Political inconsistency is trumps

inconsistent

So, the Treasurer has blocked the acquisition of Graincorp by Archer Daniels Midland. However, the acquisition of Warrnambool Cheese and Butter by Canadian group Saputo is OK.

Go figure!

These two businesses are amongst the last significant,  strategically important agribusiness assets left in Australian hands, they are subject to the same rules, same laws, yet the political outcome is different.

Why?

Irrespective of your position on the rights and wrongs of these two proposed transactions the fact that there is a different outcome from the political deliberations must be of concern. I have not heard any logical arguments that lead to  a conclusion that the outcomes should be different, and can only assume it comes from political expediency, hypocrisy  and  hubris  rather than a dispassionate application of he laws meant to govern us.

The other reason I am pissed off with this decision is that I lost a $50 bet. I was certain that after the approval of the Saputo takeover of WCB in October, that the precedent provided  would be sufficient for the Treasurer to ignore the silly blathering of Warren Truss, and acerbic tongue and threats of Barnaby Joyce, and be consistent.

Not so it seems.

There are reasonable, logical and economically and socially  defensible arguments on both sides of the question, and inevitably not everyone would have been happy with a consistent decision, but those observing the behaviour of  the government will scratching their heads at the inconsistency.

I do however look forward to the smug,  self-congratulatory  remarks of Mr Truss who I expect will sound like George Pell on Rohypnol, I need to lose some weight, and this may help.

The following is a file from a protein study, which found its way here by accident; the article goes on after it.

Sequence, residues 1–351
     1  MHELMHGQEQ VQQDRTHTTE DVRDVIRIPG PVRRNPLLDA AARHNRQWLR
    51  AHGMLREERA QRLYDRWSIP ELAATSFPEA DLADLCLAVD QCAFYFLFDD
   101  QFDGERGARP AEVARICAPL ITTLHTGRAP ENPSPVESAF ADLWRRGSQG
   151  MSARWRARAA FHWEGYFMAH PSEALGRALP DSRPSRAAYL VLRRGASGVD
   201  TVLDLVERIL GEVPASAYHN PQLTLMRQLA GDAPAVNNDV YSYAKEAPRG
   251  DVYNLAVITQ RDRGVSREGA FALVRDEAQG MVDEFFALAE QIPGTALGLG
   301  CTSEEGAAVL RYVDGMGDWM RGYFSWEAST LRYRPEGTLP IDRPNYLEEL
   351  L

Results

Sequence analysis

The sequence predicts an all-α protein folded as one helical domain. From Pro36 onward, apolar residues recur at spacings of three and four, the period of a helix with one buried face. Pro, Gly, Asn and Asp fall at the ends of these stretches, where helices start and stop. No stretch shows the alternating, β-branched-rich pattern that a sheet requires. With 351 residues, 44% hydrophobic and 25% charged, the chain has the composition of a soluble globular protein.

4 thoughts on “Political inconsistency is trumps

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  3. strategyaudit Post author

    Peter,
    A cogent argument, as is the contrary one put by Gottleibsons colleague, linked in the article. http://www.businessspectator.com.au/article/2013/12/2/industries/hockey-made-right-call
    I do think there is an argument that the difference between WCB and Graincorp is the infrastructure in the latter. However, grain exports from the eastern states are a minority, the vast bulk of Australian grain exports are from WA, so the argument is a little compromised.
    In the WCB case, dairy is potentially the new “boom” segment of the economy as Asian diets westernise, and whilst recognising the absence of an infrastructure element in the transaction, it is just as strategic as Graincorp in terms of long term potential.
    My irritation is still at the inconsistency, my views on the rights and wrongs of either transaction are secondary.

    Reply
  4. Peter

    You might take a look at the argument advanced by Robert Gottliebsen this morning. The two matters are quite different – WCB is about strategic positioning, GC is about essential infrastructure. Soft assets vs hard assets

    Reply

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